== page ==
To deliver carrier-grade IP telephony also needed the ability to run software platforms at scale, a requirement that contributed to Cisco's interest in adding server platforms to its portfolio.

The 2000s were characterised by other pushes, particularly expanding its enterprise footprint and the less-successful interest in the consumer market that resulted in the acquisition and later release (in the case of Linksys) or closure (the Flip cameras from Pure Digital) of the targets.

Paradoxically, as Chambers hands over to Robbins, some of the shifts it helped to pioneer stand as threats to the company. VoIP and IP telephony decimated the market of proprietary voice switches both at the carrier grade and in the PBX; now, that same model is disrupting the Ethernet switch market.

Cisco under Chambers was also a very early proponent of what's now referred to as the Internet of Things, something that's yet to swell The Borg's balance sheet, but which keeps Cisco's name buzz-worthy.


However, growth has been hard to come by in recent years. Reuters notes that its operating profit was largely unchanged over the past five years.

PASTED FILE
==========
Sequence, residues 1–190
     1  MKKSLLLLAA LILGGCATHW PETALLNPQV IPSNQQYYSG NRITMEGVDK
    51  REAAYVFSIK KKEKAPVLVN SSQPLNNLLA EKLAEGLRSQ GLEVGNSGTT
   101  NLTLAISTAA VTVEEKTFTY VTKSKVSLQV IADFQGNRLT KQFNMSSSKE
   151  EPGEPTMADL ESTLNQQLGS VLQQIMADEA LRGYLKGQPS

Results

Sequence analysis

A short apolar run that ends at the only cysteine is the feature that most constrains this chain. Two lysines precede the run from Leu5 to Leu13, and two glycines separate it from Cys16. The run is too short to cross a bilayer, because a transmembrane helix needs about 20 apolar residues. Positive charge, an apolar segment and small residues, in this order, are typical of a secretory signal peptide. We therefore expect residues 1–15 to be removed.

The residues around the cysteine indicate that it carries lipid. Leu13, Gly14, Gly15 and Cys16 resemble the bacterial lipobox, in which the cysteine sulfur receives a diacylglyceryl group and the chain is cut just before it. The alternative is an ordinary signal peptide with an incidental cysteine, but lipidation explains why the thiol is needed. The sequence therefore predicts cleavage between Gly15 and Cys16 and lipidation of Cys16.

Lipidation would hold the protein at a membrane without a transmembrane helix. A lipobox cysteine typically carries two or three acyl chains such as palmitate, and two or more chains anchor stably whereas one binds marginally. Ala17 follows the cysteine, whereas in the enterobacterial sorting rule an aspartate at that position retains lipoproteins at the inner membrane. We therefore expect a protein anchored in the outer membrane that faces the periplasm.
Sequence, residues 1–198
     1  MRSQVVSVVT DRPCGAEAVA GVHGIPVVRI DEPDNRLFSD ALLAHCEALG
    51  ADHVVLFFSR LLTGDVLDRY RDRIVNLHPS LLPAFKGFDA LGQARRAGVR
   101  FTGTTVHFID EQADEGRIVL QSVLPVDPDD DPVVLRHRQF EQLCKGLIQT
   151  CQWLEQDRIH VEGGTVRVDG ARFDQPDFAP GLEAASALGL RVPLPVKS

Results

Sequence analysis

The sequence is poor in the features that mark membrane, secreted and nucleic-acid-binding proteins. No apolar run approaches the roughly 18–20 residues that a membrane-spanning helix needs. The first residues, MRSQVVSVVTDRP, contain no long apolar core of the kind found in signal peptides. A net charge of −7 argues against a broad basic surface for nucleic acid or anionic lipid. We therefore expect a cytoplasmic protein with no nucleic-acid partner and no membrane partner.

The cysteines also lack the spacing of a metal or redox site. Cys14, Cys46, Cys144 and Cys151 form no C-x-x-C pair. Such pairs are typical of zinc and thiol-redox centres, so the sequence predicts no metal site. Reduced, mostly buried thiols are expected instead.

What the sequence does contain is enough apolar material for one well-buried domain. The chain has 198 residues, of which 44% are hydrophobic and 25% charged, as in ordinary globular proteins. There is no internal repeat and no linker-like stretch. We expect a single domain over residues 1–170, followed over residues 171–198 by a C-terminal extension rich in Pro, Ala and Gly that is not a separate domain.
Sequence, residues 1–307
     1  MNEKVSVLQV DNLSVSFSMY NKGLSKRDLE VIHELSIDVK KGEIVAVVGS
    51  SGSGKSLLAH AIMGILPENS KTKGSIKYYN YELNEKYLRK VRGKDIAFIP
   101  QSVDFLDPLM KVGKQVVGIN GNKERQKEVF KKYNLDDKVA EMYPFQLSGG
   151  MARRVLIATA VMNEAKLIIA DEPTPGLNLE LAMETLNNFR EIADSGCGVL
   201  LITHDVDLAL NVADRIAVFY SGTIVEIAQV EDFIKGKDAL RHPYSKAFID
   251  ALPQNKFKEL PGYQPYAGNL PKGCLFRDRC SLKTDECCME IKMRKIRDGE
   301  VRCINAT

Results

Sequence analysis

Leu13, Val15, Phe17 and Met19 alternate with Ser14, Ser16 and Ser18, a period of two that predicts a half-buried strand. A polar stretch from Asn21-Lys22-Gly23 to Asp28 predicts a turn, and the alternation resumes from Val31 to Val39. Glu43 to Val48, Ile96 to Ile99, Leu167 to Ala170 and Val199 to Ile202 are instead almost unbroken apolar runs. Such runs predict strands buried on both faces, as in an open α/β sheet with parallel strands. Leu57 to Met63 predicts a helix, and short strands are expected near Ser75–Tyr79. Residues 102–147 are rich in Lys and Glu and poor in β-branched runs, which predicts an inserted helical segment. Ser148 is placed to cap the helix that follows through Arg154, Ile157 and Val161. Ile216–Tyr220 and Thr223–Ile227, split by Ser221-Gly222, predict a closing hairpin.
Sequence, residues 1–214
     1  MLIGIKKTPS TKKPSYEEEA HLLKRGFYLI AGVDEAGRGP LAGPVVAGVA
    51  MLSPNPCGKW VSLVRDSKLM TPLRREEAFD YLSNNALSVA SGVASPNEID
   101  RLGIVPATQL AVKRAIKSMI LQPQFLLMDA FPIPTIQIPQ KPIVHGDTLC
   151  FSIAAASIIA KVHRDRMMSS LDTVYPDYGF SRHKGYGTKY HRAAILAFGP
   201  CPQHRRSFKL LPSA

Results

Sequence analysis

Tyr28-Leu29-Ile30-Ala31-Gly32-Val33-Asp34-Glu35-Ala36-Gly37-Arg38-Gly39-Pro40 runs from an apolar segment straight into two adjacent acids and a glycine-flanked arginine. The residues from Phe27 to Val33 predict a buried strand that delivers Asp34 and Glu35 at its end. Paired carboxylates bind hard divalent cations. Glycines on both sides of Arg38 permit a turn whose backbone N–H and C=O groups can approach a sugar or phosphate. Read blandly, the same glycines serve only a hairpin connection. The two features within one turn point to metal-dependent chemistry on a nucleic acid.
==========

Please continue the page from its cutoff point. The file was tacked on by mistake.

The Borg has long had a voracious appetite for acquisitions, a strategy that has characterised Chambers' long years at the helm. In the late years of the first tech boom, successful switching and routing startups like Stratacom were its common fare.

Incoming Cisco CEO Chuck Robbins

Chuck Robbins moves into the corner office on July 26

Its 2000 acquisition of Radiata pitched Cisco into the WiFi business and laid the foundation for later long-running lawsuits over Australia's CSIRO's contribution to the technology.

2000 was a peak for Chambers' – and Cisco's – appetite. In that year, The Borg swallowed 23 other companies. The tech wreck crimped that to a mere two acquisitions in 2001 and five in 2002. Cisco has remained far more discriminating in its choice of targets since then, and in 2014 made six acquisitions including ThreatGRID, Tail-f and Neohapsis.

Not all of the acquisitions have been successful. In particular, it found the consumer gadget market difficult – for example, its 2009 acquisition of Pure Digital Technologies, maker of the Flip high-definition video recorder, turned out to be a dog and it closed the operation in 2011.

Reuters quotes Fort Pitt Capital Group's Kim Forrest as saying Robbins might choose to “refocus” the company, but Robbins said his first 90 days will be spent listening because “the market is moving too rapidly for any one individual to think they have all the answers”.

Some, such as the Wall Street Journal, say the choice is a surprise, since president Robert Lloyd was considered the front-runner.

Given the intense interest in the succession - since Chambers is one of the valley's highest-profile executives - and perhaps to forestall criticism of the choice, Cisco has published an extensive blog post about the selection process. ®